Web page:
Quick Gluten Free Phyllo Dough – Gluten Free Filo Dough

This gluten free phyllo dough recipe (or gluten free filo dough) is so easy to make compared to traditional recipes! Fortunately, for those of us on a gluten-free diet, we finally have an advantage in baking without gluten. Gluten is not our friend in attempting to create a flaky crust. Flakiness is what is needed in phyllo dough. This is my first attempt at creating a gluten free phyllo dough recipe. I began with my tart crust recipe and made it more flaky and crispy. Phyllo dough can be used with sweet or savory fillings, such as pastries, croissants, meats or cheese fillings and more. Yum, right? For a filling I used gluten-free custard which I use in my gluten-free cream puffs and for crème brûlée. What will you use for a filling? The crust turned out flakier than any crust I have ever made! I was so pleased. All those interviews with all of those gluten-free experts and chefs really really paid off. One of my Facebook fans stated that this pastry dough turns out an amazing pie crust. Enjoy and be creative!

Quick Gluten Free Phyllo Dough – Gluten Free Filo Dough


Yield: Enough to line 1 10-inch tart pan

Quick Gluten Free Phyllo Dough – Gluten Free Filo Dough

You can spend hours rolling out dough into several layers with butter, or you can use this quick and easy method to make gluten free phyllo dough.


  • 1/4 cup sweet rice flour
  • 1/4 cup tapioca flour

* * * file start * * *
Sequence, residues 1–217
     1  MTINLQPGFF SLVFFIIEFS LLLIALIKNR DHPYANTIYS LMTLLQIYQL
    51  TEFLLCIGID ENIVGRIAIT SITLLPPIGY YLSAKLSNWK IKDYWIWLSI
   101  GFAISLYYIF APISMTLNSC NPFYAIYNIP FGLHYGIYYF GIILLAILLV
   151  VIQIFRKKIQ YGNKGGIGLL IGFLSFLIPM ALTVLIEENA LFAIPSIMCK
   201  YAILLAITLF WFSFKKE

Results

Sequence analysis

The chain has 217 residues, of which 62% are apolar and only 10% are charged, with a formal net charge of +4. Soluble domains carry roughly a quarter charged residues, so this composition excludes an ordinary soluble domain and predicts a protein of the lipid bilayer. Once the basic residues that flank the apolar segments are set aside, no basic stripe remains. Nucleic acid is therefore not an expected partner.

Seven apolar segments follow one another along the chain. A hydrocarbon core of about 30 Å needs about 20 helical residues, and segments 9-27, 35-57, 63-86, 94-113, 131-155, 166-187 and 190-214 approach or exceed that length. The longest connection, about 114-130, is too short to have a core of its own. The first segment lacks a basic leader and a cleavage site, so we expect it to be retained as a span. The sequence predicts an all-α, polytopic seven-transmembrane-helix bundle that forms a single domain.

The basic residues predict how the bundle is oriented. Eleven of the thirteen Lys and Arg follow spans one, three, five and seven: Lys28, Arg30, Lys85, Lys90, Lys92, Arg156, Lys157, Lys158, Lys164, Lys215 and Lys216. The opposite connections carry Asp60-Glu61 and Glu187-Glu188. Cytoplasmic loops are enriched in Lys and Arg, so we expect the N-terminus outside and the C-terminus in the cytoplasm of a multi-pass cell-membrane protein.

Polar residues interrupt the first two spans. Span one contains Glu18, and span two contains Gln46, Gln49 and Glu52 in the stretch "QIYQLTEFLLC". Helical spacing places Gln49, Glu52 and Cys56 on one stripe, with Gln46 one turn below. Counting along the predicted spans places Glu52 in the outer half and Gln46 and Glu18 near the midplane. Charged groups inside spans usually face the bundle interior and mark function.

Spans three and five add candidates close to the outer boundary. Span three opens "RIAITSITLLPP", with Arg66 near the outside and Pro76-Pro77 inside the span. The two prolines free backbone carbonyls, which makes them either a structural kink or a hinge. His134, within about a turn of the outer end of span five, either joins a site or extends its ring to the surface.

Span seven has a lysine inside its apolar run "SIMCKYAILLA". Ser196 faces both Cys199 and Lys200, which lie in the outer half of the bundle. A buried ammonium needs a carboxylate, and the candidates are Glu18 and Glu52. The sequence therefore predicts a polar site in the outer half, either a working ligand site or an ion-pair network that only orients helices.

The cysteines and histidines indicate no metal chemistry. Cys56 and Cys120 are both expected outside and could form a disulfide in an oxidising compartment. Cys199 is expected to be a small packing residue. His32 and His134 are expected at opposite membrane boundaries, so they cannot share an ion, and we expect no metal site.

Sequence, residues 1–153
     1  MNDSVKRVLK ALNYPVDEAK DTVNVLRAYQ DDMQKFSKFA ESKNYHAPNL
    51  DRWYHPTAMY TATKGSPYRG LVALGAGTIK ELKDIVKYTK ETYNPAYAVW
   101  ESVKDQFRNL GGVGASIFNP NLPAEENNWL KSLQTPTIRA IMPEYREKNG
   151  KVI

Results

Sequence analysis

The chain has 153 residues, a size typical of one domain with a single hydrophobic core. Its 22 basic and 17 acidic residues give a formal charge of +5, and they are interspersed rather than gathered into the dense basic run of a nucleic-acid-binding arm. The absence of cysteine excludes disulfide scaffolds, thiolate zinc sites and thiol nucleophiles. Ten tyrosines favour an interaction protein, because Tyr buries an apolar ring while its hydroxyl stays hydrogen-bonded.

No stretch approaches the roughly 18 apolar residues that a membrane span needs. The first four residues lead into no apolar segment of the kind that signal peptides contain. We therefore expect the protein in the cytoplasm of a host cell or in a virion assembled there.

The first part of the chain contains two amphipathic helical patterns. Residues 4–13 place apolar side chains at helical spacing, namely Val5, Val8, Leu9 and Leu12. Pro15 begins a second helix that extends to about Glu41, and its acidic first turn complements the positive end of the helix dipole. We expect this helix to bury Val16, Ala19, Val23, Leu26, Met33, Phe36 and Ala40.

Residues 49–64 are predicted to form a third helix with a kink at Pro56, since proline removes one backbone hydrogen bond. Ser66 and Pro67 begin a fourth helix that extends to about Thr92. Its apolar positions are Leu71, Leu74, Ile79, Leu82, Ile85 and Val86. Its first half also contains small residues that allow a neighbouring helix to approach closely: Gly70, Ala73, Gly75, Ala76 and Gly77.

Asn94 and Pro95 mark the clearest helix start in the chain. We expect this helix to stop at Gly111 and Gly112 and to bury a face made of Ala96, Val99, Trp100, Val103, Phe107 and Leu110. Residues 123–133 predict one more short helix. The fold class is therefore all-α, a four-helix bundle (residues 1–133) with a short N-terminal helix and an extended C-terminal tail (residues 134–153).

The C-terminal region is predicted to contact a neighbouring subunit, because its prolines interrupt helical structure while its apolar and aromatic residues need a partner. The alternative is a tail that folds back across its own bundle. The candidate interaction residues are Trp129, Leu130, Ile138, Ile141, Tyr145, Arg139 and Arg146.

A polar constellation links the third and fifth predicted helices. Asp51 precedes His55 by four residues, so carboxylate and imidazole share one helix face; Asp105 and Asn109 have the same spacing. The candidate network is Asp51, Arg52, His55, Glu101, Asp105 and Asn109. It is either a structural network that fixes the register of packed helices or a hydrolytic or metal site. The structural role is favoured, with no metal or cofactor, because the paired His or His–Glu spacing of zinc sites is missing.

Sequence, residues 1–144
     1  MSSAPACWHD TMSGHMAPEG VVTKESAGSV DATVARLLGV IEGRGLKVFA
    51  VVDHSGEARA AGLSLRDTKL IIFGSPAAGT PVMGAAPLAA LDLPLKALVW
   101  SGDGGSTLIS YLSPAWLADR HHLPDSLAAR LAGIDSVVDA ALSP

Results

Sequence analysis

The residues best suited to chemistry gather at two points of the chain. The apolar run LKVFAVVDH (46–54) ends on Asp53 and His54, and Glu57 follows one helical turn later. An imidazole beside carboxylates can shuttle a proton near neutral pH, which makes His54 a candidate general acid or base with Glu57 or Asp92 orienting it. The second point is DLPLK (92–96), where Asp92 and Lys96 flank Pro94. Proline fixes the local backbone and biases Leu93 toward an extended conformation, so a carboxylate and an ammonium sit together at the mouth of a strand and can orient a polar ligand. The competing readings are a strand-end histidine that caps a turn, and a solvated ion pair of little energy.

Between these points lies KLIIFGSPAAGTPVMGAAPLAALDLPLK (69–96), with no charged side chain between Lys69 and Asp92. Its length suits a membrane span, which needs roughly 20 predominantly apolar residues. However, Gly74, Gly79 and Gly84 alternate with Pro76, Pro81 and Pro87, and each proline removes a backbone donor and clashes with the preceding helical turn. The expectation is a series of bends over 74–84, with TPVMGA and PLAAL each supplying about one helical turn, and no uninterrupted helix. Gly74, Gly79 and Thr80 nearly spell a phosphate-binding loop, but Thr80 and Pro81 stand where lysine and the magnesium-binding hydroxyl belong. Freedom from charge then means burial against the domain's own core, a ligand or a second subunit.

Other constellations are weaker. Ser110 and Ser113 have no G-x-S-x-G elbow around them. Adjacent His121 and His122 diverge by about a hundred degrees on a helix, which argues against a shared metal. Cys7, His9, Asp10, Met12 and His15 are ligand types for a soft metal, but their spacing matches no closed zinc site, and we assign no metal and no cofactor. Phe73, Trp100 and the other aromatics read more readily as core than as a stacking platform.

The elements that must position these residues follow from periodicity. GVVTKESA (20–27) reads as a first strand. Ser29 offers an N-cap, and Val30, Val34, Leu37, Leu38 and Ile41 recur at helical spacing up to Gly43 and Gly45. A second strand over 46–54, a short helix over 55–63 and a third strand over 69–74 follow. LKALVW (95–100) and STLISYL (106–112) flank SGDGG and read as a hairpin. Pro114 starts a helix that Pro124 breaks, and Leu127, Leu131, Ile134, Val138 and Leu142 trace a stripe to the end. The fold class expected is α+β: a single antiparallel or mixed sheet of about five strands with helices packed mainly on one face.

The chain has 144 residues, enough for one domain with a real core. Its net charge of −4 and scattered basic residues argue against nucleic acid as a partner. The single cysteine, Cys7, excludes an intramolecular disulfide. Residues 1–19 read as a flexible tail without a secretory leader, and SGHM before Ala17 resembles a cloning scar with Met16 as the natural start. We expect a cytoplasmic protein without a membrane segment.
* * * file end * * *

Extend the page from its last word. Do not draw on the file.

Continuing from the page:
• 1/4 cup potato starch
  • 1/4 cup cornstarch (Bob's Red Mill's is GMO-free) (or potato starch for corn-free)
  • 1/4 cup sorghum flour
  • 3/4 teaspoon gluten-free baking powder (Rumford, Clabbergirl, Featherweight)
  • 1/8 teaspoon sea salt or salt
  • 2 teaspoons xanthan gum +1 tsp. guar gum (or all of one or the other)
  • 1/4 cup (1/2 stick) butter, cold, cut into pieces (or dairy-free margarine)
  • 1/3 cup shortening, refrigerated or frozen
  • 1 teaspoon apple cider vinegar
  • 1/4 cup gluten-free non-fat Greek yogurt (FAGE brand is GF.), (or a gluten free non-fat plain yogurt or non-dairy substitute)
  • Tapioca flour/starch for dusting
  • Egg white for brushing (egg replacer and water works for non-dairy)


  1. In a bowl, add all dry ingredients together and whisk thoroughly.
  2. Add butter, shortening, vinegar and yogurt.
  3. With a pastry cutter or 2 knives, cut the wet ingredients into the dry until you can mold it like clay with your hands. If the dough is too wet add more starch (corn or tapioca); if the dough becomes too dry and begins to crack, create a well in the center of the dough and add 1-2 drops of cold water. Room temperature water works well, too.
  4. With your hands form it into a ball; refrigerate for at least 1 hour.
  5. Roll dough according to your recipe.
  6. To fill your gluten free phyllo dough, preheat oven to 350°F.
  7. Generously dust a flat clean surface with tapioca starch.
  8. Cut dough into 10 equal parts. Leave one part out and refrigerate the others until needed. There is no need to cover the dough, as it does not dry out easily.
  9. Flatten a piece of dough on the surface and dust the top with tapioca starch.
  10. Roll the dough out to about 1/8" thick or less; lift dough from underneath with a sharp knife; dust surface again and turn dough over; cut into a 4x4" square.
  11. While holding the dough piece in your hand, viewing it as a diamond shape, brush some egg white on the inside edges of one side of the dough - one of the triangles in the diamond. This will help keep it sealed once closed.
  12. In one half of the square near a corner, add a little over 1 tablespoon of custard or your desired filling; fold the other side over the top of the filling creating a triangle shape; and pressed edges to seal. You may use a pastry edger to create scalloped edges.